The group crept down the passageway into the dragon’s lair, retracing their steps from the previous evening. Mirrik had stayed on the exterior of the cave guarding the horses. Each young man carried a burlap sack.
“It is unbelievable how stupid that dragon was,” Jarik’s voice echoed off the cavern walls. “You hear all these legends of how dragons are smart and powerful creatures, but yet when you finally run into one you can just wait it out as it goes about its day. It is just as stupid as a house cat.”
“We still should hurry,” Prince Arlin of Catheldor said. “That beast could be back at any moment and I do not want to be caught with no way to escape.”
The group made their way through the cave. Remains of the stag, which was the dragon’s dinner, were pooled in a bloody mess next to the pile of bones. The pile of skulls watched the group as the entered the rear cavern.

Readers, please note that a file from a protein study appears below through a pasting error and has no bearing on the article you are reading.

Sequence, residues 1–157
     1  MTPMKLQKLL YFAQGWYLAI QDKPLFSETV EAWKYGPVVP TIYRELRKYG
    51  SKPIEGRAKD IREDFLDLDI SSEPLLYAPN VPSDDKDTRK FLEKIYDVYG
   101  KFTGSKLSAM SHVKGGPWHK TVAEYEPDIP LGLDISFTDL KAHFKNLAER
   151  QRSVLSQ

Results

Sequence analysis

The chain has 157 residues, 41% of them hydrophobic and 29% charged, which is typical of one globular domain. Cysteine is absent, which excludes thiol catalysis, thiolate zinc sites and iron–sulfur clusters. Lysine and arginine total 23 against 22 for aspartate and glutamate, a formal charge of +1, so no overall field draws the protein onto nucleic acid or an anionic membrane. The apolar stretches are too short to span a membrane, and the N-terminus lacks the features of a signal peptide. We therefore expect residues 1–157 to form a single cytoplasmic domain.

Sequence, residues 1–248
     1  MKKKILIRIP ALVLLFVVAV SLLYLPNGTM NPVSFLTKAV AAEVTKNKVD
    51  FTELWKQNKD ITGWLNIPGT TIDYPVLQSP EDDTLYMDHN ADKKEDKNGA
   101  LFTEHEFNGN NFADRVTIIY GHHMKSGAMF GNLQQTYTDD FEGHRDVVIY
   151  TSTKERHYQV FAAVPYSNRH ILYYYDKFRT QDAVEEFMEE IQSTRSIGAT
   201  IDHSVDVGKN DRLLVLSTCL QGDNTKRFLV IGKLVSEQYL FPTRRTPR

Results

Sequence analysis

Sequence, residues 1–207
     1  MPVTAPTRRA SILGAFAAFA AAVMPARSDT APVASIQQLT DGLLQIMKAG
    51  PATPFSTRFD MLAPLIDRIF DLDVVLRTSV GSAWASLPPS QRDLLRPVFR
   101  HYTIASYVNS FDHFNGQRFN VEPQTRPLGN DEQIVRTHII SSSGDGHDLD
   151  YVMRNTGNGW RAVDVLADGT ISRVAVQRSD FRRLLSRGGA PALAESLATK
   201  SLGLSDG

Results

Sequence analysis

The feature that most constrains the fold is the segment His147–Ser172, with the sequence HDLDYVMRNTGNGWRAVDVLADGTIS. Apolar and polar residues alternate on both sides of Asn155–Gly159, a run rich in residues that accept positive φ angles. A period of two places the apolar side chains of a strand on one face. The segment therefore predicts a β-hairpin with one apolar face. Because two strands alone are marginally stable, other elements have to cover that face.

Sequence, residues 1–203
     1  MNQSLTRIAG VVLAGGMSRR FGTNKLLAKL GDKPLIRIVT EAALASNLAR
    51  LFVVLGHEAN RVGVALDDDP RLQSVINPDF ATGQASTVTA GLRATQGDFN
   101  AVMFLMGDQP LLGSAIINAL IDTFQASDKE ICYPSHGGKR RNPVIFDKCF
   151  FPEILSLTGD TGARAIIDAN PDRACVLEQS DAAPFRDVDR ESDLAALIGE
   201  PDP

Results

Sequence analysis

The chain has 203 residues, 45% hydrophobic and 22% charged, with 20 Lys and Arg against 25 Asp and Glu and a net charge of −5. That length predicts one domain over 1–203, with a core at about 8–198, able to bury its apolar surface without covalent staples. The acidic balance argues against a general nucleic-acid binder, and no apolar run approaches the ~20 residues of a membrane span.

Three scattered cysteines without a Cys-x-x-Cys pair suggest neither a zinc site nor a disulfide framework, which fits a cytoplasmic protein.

“It makes one feel bad for taking from the creature,” Firae said as he picked up a gold crown. “The dragon possess these things just as you or I possess any of our belongings.”
“Spoken like a true elf,” Thothen grunted. “You forget how the beast had acquired this treasure. He stole and murdered like a common thief.”
“Maybe this dragon has done no such thing,” Firae said. “Maybe his parents were the ones that acquired all of this wealth. Maybe he doesn’t know where it came from or how to return it.”
Gaston laughed. “And maybe you should wait here to ask him.”